ID cards, National Identity Register scrapped

The Conservative-Lib Dem government has begun its term by confirming the imminent cancellation of Labour's identity card scheme and its underlying database
Written by David Meyer, Contributor

The Conservative-Liberal Democrat government has confirmed that it will scrap the ID cards scheme and the National Identity Register.

"Applications can continue to be made for ID cards, but we would advise anyone thinking of applying to wait for further announcements," the Home Office said in a note on its website on Wednesday.

Wednesday was the first day of the new government, a coalition between the Tories and Lib Dems that was formed after last week's election resulted in a hung parliament.

"Both parties that now form the new government stated in their manifestos that they will cancel identity cards and the National Identity Register," the Home Office note said. "We will announce in due course how this will be achieved."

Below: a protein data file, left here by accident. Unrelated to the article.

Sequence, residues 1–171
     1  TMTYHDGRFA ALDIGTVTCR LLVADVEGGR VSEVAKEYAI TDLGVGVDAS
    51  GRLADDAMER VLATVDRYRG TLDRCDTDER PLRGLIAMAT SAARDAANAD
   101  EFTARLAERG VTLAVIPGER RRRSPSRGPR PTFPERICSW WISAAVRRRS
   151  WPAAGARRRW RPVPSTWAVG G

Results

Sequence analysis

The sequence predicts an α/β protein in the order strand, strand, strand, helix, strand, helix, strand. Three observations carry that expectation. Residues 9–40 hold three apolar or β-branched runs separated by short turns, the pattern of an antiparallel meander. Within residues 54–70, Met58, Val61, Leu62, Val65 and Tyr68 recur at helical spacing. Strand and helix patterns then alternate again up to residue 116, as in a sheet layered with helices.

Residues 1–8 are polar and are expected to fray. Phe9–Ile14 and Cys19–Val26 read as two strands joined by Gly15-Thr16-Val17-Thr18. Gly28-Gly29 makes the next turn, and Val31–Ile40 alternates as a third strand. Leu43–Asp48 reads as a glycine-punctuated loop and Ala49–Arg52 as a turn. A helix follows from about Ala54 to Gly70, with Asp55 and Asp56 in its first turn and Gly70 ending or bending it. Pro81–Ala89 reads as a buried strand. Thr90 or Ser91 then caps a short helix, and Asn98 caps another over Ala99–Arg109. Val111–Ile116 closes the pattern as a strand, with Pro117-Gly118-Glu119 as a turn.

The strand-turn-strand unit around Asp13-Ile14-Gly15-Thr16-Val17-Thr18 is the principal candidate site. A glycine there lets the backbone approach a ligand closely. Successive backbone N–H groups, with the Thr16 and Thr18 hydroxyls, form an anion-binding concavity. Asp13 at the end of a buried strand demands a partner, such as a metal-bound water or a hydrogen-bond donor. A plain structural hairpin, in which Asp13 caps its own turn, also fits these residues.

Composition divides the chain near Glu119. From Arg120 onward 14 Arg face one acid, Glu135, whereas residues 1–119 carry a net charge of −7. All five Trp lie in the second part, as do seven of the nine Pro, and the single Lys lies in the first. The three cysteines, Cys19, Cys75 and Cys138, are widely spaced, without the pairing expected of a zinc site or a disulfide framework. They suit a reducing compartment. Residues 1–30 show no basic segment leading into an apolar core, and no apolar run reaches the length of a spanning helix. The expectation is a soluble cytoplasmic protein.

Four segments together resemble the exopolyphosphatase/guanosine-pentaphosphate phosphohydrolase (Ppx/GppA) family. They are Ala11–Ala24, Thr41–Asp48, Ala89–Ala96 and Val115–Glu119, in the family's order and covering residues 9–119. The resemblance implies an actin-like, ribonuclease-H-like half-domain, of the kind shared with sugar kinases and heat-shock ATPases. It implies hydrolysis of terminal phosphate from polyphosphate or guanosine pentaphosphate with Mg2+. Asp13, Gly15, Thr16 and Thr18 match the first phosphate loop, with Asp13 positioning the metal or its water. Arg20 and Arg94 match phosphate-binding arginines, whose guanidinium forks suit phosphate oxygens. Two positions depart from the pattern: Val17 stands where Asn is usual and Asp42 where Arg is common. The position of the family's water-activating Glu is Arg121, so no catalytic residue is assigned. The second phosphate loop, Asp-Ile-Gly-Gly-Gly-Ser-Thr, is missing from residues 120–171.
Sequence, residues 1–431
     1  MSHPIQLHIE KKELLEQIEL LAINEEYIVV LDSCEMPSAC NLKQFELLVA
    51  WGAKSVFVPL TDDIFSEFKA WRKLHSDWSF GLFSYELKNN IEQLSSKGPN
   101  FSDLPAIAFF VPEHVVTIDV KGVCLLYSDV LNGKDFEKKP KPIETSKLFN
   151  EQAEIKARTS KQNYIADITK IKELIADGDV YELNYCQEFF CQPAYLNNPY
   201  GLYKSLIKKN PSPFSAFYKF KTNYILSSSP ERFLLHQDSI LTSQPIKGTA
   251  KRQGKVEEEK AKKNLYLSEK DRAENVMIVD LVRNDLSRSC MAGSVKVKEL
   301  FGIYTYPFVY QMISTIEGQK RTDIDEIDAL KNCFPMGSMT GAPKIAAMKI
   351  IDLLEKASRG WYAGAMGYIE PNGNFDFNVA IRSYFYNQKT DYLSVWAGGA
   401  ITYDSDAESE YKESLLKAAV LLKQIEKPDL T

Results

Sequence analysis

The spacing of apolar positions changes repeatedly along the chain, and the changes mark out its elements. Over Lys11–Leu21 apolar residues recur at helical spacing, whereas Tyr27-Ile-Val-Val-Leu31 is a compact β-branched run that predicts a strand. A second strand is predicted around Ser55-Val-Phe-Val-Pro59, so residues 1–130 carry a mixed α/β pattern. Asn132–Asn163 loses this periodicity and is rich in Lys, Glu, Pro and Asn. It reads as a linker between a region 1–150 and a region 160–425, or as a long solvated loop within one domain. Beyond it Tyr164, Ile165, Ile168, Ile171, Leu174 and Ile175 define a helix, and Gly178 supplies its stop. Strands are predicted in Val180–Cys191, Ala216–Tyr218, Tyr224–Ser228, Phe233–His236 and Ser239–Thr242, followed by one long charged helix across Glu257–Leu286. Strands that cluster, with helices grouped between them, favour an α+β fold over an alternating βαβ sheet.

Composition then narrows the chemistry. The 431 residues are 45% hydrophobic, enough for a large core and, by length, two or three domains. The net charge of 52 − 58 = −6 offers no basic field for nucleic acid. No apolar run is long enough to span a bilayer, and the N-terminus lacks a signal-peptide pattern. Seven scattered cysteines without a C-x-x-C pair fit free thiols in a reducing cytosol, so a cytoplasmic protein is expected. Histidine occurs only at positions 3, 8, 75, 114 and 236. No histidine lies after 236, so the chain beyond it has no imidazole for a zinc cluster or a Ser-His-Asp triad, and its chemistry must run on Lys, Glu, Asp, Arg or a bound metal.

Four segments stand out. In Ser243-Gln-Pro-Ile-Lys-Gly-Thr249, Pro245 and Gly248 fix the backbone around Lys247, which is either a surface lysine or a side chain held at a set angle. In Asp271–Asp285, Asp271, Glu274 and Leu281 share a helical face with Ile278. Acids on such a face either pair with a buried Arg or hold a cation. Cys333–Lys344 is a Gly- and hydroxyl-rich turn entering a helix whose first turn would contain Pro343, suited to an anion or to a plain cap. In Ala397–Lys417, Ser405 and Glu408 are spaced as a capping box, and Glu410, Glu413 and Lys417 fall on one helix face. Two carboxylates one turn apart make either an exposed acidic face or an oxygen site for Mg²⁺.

For now, those ID cards that have been issued remain valid and can be used for travel within Europe. However, the Home Office noted that this is only the case "until parliament agrees otherwise".

"We will update you with further information as soon as we have it," the note concluded. ZDNet UK asked for more details from Conservative Central Office on Wednesday, but had received none at the time of writing.

ID cards were first proposed by the then Labour government in 2006, although by 2010 they had seen a very limited rollout, mainly to foreign nationals. The National Identity Register, which underpins the scheme, went live in late 2009.

Editorial standards